When the Securities and Exchange Commission added risk oversight to the responsibilities of corporate boards, Paychex assembled a novel enterprise risk management strategy that involves a review of business risks by what the payroll services provider calls "guest reviewers."
Since 2005, more than 300 analysts, supervisors and managers at the company have participated in the Paychex Peer Process Program, or P4. The 45 risk reviews that have been conducted have resulted in more than 1,200 recommendations on how to mitigate and manage diverse business, operational, financial and other risks. Seventy percent of the suggestions have been put in place or are presently being implemented.
This atypical approach is similar to processes in the medical and accounting industries, where peers from different disciplines assess each other's work and projects.
"A peer review process in the business world is unique," says Frank Fiorille, director of enterprise risk management at Rochester, N.Y.-based Paychex. "You don't often see people in the trenches of their day-to-day jobs auditing the risks in another business unit, department or management function. But we've found it to be an inexpensive and very effective process."
Not that the strategy didn't raise eyebrows at first. Fiorille acknowledges that the company's senior management was initially skeptical, concerned that the approach would send a message to units and departments that their head count and other expenses were being audited, which wasn't the case.
"Senior managers admittedly were unsure how it could work--how a rag-tag team of folks not versed in risk discipline could provide value," Fiorille explains. "As a result, expectations were very low. No specific benchmarks were set, and the sky was the limit."
The P4 risk reviewers perform an independent evaluation of the business risk processes within a particular segment of the company, assessing the adequacy of current policies, practices and reporting methodologies. Each team includes employees from across the organization. To date, most reviewers have come from risk management and IT, although others were drawn from field operations, HR, finance, product management, sales and elsewhere.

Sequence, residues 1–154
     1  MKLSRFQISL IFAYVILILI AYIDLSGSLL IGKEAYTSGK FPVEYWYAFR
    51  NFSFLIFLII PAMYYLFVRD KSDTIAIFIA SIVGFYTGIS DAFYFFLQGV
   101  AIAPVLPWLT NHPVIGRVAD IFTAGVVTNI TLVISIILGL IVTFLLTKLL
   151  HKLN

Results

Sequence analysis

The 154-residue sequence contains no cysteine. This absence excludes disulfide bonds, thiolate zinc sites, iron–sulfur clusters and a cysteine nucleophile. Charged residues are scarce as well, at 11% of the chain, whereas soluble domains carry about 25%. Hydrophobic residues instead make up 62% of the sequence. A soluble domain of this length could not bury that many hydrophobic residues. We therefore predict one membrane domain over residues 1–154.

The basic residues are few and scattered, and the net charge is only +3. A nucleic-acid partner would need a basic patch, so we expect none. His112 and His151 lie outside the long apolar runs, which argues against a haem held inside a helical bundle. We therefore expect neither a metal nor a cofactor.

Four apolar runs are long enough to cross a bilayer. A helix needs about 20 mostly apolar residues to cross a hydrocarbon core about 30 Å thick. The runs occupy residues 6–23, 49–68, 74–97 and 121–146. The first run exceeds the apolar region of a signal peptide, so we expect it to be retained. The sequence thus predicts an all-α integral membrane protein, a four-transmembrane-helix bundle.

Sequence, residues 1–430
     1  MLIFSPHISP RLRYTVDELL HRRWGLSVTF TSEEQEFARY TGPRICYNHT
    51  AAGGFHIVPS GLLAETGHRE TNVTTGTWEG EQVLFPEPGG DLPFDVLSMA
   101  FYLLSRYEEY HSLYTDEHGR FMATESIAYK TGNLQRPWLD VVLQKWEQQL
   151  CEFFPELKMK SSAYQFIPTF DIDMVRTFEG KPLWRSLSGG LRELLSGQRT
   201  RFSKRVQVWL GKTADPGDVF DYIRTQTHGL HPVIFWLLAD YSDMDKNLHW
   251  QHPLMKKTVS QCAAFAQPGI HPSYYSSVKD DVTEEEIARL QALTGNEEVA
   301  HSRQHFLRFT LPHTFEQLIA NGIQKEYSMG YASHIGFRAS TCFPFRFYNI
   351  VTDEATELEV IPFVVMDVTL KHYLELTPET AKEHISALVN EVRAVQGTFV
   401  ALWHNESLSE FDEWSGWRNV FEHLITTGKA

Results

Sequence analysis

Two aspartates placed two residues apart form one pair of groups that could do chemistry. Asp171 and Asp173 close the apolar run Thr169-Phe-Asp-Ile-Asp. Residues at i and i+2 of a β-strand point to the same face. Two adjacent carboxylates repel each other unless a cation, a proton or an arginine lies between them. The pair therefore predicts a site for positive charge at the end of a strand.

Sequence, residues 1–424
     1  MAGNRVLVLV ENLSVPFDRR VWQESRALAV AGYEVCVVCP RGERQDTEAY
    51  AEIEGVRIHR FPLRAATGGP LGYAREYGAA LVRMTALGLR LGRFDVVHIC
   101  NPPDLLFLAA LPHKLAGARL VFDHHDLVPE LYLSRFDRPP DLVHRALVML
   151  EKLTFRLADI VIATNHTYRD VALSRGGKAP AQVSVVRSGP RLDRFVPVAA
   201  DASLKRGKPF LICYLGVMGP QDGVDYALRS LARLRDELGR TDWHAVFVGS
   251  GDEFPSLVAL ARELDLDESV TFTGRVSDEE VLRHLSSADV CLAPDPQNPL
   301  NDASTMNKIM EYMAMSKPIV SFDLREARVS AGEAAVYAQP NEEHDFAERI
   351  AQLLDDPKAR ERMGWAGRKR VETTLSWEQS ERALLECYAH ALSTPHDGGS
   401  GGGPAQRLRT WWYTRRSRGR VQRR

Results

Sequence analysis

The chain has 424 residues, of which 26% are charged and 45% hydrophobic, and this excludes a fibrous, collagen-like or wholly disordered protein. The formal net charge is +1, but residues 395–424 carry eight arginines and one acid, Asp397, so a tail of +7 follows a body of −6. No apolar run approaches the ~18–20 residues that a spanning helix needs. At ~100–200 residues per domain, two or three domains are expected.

"We try to put about seven or eight people who would represent a good cross-section of the company on the multifunctional teams, dependent on the particular area that is being reviewed," says Erika McBride, Paychex's risk review manager.
The team conducts a five-day onsite review. Each reviewer is assigned specific topics to evaluate. He or she conducts research, collects relevant documents, observes processes, and then interviews employees with insight on the assigned topics. The reviewer documents his or her findings, describing and quantifying the realized or potential impact of the risks uncovered, and makes specific, actionable recommendations to mitigate the risks, in discussion with managers engaged in the area under review.
The entire team then aggregates their findings, assigns a score to the comprehensive topics under analysis, and publishes their conclusions in a report Paychex calls the "Gold Book." The report alerts senior management to significant risk issues that have been identified and the measures designed to address them. The status of these recommendations is then evaluated each quarter in a meeting with senior management.
Since its first tentative steps, the P4 process has become embedded into Paychex's risk management culture. The 45 reviews to date have fostered significant top-line enhancements, leading to $8.4 million in revenue gains, although the initial investment for the program was only about $100,000.
Senior management is no longer dubious about P4's value. Says Fiorille: "There is now immense appreciation for it."